Write Beautiful OO Classes with TypeScript

Plain ES6 Class

We can start with a plain ES6 class, and build our TS code on top:

Adding Some Type Safety

Let’s add some TypeScript to our example and see what we get:

Keeping Our Properties Private

That’s better! Now we can at least know that name is a string and not an array or something else… but name is still a public property of User. In fact, all properties in TypeScript classes are public by default. Let’s change that:

Get Rid Of Some Boilerplate Code

Note that in the last snippet, we first declared name as a private property of type string (line 2), then we declared it as an argument to our constructor (line 4), and finally, we assign the argument as a property (line 6). That’s a bit verbose, and we can have shorter and cleaner code by using a nice feature of TS called Parameter properties. In short, parameter properties are syntactic sugar that allows us to squeeze the three declarations we mentioned above into one line.

Getters and Setters

Now, let’s add a way to get and set the property name. The simplest way of achieving this would be to create two new methods: getName() and setName(name: string). That would work just fine, but we might want to provide a nicer API. Sometimes, it just feels more intuitive to write user.name = "Groot" instead of user.setName("Groot"). Luckily for us, TypeScript allows us to do exactly that using the set and get keywords. Here is what it will look like:

Properties of the Class Itself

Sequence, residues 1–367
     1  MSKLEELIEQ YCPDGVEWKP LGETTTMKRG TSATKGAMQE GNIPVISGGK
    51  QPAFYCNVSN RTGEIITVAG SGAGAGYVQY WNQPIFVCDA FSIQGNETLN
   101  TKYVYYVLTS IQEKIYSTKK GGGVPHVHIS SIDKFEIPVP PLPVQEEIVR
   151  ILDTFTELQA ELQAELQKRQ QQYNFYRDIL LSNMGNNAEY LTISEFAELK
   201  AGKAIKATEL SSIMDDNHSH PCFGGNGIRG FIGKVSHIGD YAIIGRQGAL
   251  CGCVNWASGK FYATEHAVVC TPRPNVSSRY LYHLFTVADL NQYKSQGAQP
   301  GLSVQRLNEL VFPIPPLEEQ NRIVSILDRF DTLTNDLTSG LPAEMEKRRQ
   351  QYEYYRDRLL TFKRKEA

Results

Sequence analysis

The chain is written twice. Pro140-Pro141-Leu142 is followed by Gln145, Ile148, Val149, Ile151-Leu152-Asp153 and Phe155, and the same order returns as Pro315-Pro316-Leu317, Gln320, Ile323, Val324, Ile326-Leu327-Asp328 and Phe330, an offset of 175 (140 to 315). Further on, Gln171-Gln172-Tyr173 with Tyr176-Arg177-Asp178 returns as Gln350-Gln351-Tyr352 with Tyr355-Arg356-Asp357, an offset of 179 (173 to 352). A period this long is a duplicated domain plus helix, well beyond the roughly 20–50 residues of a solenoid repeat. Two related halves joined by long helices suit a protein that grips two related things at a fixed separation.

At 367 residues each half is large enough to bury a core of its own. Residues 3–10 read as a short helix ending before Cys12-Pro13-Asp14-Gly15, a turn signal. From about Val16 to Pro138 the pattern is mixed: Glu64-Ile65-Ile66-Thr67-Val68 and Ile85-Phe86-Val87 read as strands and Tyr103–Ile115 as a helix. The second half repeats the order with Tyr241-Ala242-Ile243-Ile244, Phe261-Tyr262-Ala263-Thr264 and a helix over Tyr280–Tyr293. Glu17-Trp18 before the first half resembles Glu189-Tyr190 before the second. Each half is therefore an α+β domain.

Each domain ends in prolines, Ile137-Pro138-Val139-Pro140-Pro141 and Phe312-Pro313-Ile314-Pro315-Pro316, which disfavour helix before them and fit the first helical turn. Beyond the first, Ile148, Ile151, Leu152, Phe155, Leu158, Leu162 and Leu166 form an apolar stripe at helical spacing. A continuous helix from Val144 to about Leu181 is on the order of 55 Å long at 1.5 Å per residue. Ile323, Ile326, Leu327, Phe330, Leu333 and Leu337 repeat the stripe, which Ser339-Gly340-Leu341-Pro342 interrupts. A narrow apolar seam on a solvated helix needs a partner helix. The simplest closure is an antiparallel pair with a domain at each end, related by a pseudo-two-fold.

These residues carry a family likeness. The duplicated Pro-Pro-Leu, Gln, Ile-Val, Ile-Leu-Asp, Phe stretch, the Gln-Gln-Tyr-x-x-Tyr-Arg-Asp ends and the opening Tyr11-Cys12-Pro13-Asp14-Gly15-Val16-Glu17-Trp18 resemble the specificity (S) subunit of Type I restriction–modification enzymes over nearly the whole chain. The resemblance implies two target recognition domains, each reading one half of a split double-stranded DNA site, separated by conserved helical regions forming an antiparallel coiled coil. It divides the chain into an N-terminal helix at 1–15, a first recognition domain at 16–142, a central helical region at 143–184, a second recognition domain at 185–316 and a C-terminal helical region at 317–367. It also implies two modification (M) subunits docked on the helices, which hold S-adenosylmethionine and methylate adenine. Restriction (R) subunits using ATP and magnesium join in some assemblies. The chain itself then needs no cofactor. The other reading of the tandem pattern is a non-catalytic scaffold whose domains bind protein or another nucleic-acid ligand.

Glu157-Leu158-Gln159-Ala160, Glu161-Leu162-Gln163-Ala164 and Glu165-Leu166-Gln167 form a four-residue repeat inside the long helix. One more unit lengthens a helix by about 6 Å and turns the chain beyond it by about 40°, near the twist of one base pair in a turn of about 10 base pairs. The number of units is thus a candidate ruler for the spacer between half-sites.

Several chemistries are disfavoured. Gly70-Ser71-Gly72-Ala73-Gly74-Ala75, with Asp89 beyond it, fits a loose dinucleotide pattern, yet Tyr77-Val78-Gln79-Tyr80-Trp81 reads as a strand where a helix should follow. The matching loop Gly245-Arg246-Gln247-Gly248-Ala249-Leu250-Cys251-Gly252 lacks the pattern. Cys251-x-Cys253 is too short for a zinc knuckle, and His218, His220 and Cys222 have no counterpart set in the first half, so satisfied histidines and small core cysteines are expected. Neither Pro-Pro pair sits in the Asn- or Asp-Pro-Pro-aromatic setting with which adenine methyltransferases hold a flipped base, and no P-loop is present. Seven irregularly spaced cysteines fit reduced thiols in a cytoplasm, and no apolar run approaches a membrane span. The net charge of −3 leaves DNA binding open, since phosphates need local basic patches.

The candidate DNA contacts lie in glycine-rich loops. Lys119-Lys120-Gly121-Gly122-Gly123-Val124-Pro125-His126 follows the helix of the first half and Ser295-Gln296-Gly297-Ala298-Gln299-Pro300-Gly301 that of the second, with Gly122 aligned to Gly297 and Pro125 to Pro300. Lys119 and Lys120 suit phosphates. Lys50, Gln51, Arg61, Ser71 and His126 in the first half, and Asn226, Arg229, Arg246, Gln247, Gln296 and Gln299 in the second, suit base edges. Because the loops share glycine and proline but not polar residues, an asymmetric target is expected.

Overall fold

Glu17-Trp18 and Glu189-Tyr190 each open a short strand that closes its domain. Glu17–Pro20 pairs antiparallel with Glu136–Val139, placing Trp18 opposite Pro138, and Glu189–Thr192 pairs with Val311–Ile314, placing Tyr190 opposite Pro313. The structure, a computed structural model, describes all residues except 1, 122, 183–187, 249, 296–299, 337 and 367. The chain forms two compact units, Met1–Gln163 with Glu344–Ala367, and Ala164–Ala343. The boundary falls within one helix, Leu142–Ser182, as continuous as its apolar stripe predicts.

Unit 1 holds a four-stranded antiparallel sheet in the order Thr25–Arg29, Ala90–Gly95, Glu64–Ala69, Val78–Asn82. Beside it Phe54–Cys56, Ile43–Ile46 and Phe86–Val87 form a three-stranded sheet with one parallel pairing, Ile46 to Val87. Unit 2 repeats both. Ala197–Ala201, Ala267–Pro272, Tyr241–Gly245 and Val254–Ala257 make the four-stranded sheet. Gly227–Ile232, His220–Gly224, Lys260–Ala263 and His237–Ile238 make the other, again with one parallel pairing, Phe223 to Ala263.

So far, we have only worked with properties and methods that belong to the instance, meaning the object that is created by the constructor. TypeScript allows us also to define properties and methods that belong to the class itself, by using the keyword static. Static properties can be accessed by prepending the name of the class to the name of the property.

This Will Never Change

We know that some of the properties we define will never change. Sometimes, we even rely on the assumption that a particular property will always stay the same once we set it. If, for example, we identify users by email, then we don’t want other coders working on this class to change this field. It might be a good idea to mark this property as readonly, so the TypeScript compiler won’t allow any changes to the property email outside the constructor.

What Have We Accomplished

Ok! We’ve made some progress with our class. Here is what we have up to this point:

Iqoqo Engineering

Things we learn on our way

Idan Dardikman

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There's no magic, it's just code you don't yet understand

Iqoqo Engineering

Things we learn on our way